Court of Final Appeal (TUI) President Sam Hou Fai warned that a rising number of gaming-related crimes appeared to extend beyond casinos, pointing out that there have been several cases in which gamblers died while they were being held against their will by loan sharks.
Sam made the remarks on Wednesday when delivering a speech at the opening ceremony of the Judicial Year 2016/17, at the Macau Cultural Centre in Nape.
According to the Judicial Organisation Framework Law, the judicial year in Macau starts on September 1 every year, for which a solemn ceremony is held to mark the commencement. The courts are in summer recess in August.
According to Sam, during the outgoing Judicial Year 2015/16, the Examining Magistracy of the Court of First Instance (TJB) probed 697 gaming-related crimes including cases in which gamblers were held against their will by loan sharks over gambling loans.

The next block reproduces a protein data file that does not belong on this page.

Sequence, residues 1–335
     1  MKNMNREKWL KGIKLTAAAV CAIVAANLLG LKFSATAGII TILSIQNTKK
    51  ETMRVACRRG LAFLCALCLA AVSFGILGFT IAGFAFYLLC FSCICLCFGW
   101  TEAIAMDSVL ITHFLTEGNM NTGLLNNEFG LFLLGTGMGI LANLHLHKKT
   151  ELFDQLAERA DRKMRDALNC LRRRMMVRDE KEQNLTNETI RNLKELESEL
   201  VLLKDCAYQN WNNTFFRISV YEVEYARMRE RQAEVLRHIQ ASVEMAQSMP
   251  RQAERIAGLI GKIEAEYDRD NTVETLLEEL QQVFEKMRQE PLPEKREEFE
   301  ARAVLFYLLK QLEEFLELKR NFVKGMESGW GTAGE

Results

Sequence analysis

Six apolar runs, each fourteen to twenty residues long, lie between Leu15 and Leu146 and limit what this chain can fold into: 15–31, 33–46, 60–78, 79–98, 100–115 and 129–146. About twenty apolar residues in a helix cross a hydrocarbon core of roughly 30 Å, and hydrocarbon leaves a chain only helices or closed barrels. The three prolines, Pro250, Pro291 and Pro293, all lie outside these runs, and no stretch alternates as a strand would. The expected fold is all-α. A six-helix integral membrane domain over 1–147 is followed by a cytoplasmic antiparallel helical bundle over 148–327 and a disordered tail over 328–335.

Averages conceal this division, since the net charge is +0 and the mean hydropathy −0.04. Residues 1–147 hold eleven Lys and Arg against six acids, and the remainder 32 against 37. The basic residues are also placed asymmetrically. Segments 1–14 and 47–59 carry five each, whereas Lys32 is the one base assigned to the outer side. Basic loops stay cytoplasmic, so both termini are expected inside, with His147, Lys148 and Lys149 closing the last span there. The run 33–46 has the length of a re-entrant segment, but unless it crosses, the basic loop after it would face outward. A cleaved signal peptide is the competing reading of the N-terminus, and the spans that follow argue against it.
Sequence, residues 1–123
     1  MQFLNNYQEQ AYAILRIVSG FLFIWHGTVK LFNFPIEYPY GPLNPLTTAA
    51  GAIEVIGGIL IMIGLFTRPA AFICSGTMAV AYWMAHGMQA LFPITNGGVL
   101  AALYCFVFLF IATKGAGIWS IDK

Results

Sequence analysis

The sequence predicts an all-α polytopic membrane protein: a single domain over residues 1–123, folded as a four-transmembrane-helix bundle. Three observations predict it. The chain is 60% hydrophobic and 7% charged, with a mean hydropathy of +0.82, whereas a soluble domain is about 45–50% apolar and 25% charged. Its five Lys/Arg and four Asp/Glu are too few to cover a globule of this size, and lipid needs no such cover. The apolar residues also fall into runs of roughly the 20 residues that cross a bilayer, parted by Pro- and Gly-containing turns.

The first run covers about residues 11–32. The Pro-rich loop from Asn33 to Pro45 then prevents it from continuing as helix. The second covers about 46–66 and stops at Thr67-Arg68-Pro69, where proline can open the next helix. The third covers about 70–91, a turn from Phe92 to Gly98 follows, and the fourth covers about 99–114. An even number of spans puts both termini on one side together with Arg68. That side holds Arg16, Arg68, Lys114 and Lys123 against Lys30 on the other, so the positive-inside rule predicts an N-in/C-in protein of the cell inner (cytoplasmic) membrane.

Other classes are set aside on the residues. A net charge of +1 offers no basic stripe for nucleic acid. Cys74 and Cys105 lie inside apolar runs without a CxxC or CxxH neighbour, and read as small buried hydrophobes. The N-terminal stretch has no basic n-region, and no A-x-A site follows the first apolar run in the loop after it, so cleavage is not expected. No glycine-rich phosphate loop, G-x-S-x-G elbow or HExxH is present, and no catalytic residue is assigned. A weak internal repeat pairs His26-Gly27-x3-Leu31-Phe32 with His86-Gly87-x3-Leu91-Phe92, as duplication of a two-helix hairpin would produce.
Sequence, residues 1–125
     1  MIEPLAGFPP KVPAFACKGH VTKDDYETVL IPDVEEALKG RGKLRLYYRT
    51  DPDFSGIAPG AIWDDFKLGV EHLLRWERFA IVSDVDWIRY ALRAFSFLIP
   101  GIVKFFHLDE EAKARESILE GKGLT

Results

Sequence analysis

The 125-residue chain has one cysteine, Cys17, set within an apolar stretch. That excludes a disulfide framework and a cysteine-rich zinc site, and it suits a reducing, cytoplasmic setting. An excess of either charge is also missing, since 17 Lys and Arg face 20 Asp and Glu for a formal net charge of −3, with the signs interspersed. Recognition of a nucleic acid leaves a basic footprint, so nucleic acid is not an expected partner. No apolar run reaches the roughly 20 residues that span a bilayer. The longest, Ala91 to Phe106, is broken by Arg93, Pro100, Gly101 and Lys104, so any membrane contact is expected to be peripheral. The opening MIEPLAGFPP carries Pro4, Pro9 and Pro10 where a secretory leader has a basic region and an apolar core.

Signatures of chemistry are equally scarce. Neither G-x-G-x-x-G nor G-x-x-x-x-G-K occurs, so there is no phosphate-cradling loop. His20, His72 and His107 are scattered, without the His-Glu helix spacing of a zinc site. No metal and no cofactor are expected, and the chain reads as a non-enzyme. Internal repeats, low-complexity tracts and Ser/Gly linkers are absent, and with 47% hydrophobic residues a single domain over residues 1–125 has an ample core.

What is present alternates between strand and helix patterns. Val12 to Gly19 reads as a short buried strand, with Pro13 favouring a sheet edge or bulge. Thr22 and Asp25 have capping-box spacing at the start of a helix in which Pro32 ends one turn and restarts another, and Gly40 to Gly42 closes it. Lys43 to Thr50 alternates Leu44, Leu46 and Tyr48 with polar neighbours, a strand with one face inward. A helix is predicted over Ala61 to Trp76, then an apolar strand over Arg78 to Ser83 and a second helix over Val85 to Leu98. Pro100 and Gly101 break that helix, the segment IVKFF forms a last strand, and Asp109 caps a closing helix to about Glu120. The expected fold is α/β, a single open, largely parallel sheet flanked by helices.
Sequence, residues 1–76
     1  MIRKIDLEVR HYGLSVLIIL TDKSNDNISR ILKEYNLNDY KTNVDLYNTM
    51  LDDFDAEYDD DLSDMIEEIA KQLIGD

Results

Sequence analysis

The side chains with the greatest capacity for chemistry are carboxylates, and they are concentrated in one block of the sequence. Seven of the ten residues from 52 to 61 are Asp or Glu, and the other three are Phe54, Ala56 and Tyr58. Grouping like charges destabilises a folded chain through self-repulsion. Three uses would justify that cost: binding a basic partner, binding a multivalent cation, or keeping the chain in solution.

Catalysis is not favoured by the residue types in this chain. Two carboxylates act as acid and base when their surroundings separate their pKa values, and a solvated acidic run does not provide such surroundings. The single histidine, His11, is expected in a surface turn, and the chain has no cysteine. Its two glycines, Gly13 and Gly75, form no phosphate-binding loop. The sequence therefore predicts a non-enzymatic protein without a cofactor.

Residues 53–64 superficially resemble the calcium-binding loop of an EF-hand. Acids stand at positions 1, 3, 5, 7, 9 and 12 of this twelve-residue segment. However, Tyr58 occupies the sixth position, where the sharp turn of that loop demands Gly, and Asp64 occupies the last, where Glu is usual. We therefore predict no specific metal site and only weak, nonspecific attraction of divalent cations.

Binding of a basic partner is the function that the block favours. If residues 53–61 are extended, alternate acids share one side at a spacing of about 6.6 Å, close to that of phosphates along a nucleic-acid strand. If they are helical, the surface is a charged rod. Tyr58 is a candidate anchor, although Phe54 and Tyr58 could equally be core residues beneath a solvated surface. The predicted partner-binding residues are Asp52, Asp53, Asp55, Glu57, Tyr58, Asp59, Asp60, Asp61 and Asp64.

Sam said that the number of the 697 cases was 38 per cent up from the previous Judicial Year 2014/15. He did not specify how many of the cases involved the false imprisonment of gamblers by loan sharks.
Sam said there were even several cases in which gamblers died while they were being held against their will by loan sharks, adding that the situation deserved concern.
Over the past few months, several such cases in which gamblers committed suicide during false imprisonment or fell to their deaths trying to escape their captors have been reported.
Sam said the situation suggested that gaming-related crimes appeared to extend beyond casinos.
Sam warned that if the situation was not curtailed, it would cause an adverse impact on the city’s key industry – the gaming sector.
Sam also said that the number of detentions for having illegally entered Macau or having overstayed in Macau had risen “enormously”.
According to Sam, the number of such cases was 436 during the Judicial Year 2015/16, a 59 per cent increase compared to the Judicial Year 2014/15.
Many of the cases involved gangs that provided assistance to those who wanted to enter Macau illegally, Sam pointed out.